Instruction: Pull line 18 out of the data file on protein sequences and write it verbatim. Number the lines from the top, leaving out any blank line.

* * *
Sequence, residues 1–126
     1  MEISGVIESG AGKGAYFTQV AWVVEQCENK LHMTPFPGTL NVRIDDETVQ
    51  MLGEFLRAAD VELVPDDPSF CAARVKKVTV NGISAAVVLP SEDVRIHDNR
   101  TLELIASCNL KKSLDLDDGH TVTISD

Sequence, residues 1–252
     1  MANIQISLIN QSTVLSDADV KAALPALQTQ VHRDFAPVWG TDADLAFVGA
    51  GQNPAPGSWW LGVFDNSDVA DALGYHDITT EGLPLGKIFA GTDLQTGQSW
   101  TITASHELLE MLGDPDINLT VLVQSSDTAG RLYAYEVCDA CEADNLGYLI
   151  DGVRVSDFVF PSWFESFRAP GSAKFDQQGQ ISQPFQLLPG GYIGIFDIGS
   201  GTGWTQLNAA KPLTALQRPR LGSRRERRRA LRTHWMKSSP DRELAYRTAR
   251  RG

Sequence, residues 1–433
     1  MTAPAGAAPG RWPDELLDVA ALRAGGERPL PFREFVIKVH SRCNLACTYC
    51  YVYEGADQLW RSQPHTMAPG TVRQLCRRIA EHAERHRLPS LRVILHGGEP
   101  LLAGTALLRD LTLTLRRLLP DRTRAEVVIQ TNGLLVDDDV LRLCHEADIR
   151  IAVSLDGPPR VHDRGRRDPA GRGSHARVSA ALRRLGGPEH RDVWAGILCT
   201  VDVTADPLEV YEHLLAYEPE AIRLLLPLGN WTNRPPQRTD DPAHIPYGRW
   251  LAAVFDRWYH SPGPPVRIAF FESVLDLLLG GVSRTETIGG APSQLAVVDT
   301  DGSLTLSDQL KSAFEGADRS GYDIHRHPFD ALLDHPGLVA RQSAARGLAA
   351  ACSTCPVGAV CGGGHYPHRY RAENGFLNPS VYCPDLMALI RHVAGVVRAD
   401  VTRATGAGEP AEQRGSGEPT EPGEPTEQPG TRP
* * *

   251  LAAVFDRWYH SPGPPVRIAF FESVLDLLLG GVSRTETIGG APSQLAVVDT